Experimental vaccine offers hope against brain cancer
HACKENSACK, N.J. - An experimental vaccine made from a cancer patient's own brain tumor - and then injected back into that patient - is showing promise in extending life, a New Jersey physician said.
Early data show the vaccine increased life expectancy by nearly three years for some people with the deadliest form of brain cancer and added more than five years for a few others, said Dr. Michael Gruber, a neuro-oncologist and Englewood, N.J., resident.
Until now, the life expectancy for these patients has been about 15 months to less than a year. "This is an awful disease," he said.
Gruber, former chief of neurology at Englewood Hospital and Medical Center, is conducting clinical trials of the vaccine at Overlook Hospital in Summit, N.J., and New York University Medical Center, two of five study sites nationwide.
"I've never seen a clinical trial that's had this promise," said Gruber, who is medical director of the Brain Tumor Center of New Jersey at Overlook.
The vaccine is personalized for each patient after their tumor is surgically removed. Protein antigens extracted from the tumor are combined with disease-fighting white cells from the patient.
The vaccine is then injected into the patient, where it "teaches" the immune system to recognize and kill any cancer cells left behind by the surgery. The shots are given in the arm, just under the skin - first bi-weekly, then monthly, then less frequently, for three years.
"The proteins stimulate the immune system to create T-cells, and sends all those immune soldiers into battle," Gruber said.
The nationwide study will eventually enroll 250 patients with the tumor, called glioblastoma multiforme. The vaccine, called DCVax-Brain, is made by Northwest Biotherapeutics Inc. in Bothell, Wash.
Each year, brain cancer affects about 20,000 Americans and 13,000 die from a brain tumor. Hopes are that the vaccine will increase some patients' chance of survival by as much as 50 percent, Gruber said.
Kathryn Montag of Cranford, N.J., a neurosurgical nurse at Overlook, is grasping at that hope. Montag, 53, had a brain tumor removed in January. She has been undergoing radiation and chemotherapy and will begin receiving the vaccine at the end of this month.
The irony is that Montag has been caring for patients with brain tumors for more than 30 years.
"I call it my cosmic kick in the ass," she said in an interview. "This is like a sick joke. I've been a neurosurgical nurse a long time. I've taken care of a lot of patients. I've been there with their families when they got the news, and I always said, 'There but for the grace of God' ...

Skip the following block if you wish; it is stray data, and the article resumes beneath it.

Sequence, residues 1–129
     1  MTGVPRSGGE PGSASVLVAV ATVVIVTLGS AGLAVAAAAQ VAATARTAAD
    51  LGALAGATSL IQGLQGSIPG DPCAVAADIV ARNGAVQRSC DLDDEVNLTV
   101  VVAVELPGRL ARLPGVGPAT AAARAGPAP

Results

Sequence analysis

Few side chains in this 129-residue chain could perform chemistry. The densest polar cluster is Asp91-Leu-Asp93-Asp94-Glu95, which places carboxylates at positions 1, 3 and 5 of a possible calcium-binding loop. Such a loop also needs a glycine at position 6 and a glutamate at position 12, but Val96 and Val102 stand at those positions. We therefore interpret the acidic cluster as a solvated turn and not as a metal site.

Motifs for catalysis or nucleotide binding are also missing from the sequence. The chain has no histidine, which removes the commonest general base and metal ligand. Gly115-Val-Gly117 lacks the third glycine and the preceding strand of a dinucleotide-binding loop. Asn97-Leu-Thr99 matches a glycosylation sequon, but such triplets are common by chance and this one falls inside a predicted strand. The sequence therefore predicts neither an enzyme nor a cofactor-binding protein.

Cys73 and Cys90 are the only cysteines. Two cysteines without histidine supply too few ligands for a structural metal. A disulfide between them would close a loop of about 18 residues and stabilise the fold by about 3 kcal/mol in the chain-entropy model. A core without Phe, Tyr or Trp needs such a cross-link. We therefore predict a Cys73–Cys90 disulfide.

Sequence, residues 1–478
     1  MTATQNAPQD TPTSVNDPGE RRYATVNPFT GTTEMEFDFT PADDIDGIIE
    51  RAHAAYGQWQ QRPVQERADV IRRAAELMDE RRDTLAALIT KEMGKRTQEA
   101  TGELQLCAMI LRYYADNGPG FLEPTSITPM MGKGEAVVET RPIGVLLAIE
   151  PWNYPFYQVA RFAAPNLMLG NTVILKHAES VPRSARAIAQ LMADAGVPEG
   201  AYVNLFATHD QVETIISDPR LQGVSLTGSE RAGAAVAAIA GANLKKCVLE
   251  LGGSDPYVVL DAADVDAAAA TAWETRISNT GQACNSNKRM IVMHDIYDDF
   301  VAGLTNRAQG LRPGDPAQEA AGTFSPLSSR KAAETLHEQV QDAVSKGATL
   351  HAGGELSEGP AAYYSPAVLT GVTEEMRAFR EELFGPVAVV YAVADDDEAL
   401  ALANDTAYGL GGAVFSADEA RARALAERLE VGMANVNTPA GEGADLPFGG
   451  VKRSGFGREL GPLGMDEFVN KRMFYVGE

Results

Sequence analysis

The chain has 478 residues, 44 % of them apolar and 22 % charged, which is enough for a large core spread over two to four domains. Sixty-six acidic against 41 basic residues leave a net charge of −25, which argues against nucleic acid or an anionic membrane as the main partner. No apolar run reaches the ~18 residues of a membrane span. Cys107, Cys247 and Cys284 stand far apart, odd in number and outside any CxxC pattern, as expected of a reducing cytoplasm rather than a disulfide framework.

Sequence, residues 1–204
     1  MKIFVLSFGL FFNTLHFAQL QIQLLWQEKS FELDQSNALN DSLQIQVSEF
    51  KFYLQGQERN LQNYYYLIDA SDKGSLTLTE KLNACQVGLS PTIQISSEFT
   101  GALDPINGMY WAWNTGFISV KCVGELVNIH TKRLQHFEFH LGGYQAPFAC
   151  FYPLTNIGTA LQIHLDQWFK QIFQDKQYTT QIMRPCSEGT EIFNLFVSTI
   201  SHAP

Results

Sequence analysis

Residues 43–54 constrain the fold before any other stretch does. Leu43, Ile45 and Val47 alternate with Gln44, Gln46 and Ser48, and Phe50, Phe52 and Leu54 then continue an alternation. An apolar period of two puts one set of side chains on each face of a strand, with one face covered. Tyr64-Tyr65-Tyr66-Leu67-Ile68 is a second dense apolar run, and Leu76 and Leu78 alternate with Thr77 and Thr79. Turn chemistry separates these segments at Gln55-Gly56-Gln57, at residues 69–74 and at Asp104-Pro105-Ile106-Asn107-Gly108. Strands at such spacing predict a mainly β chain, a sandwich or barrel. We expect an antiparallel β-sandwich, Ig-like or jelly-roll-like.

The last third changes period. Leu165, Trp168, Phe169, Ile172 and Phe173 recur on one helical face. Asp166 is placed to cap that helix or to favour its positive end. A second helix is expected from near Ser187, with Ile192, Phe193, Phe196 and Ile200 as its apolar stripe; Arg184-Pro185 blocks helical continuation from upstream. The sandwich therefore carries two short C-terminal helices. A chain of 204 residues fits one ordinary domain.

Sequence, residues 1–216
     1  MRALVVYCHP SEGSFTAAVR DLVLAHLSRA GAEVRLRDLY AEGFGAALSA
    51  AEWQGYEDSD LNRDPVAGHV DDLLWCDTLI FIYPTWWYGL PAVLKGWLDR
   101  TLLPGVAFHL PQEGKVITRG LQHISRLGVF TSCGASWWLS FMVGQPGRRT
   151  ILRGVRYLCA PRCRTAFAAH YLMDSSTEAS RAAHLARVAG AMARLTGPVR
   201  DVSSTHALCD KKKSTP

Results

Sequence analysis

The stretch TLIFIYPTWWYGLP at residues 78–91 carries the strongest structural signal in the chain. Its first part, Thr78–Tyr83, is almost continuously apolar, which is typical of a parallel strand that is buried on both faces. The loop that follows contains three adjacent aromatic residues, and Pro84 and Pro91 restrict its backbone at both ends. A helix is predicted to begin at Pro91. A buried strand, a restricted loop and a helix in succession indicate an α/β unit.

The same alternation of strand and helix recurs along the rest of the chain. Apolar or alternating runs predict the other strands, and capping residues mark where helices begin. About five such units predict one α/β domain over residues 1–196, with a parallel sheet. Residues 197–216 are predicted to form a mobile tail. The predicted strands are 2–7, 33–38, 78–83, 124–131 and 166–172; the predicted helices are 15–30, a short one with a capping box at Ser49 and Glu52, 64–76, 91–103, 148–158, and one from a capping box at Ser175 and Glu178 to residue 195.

"Now, I'm on the other side of the coin and it's frightening, very frightening."
Montag's symptoms began one morning with a splitting headache, which she first thought was part of menopause. When nausea, vomiting and migraine-like flashing lights followed days later, she went for a CAT scan and an MRI.
Surgery to remove the tumor from the right temporal lobe of her brain left an L-shaped scar, from her temple to her ear, which is well covered by her full head of hair. Fortunately she did not suffer other side effects, such as slurred speech or blurred vision. She is able to drive a car on short trips, but is not yet ready to return to work.
The doctors, nurses and her other colleagues at Overlook - and the vaccine - are her safety net.
"They gave me a chance, and I'm grabbing it with both hands," she said.
Preliminary data on the vaccine are "encouraging," said Dr. Joseph Landolfi, a neuro-oncologist in Edison, N.J., who is not involved in the study. There are long-term survivors among patients receiving surgery, radiation and chemotherapy, so more data are needed to see if the vaccine makes a difference, said Landolfi, director of neuro-oncology at JFK Medical Center.
"We're dealing with a very aggressive tumor," Landolfi said. "The only way we can make strides to combat disease is to do research and test theories."
Montag, who is married and has two college-age children, is stalwart despite her very real fears.
"There's stuff I don't want to be robbed of: I've got weddings to interfere with," she said, laughing. "I've got stuff I've got to do. I still want to finish my nursing career.
"I don't know what's going to happen," she said. "But I want people to know, if they get a diagnosis like this, there's some hope."
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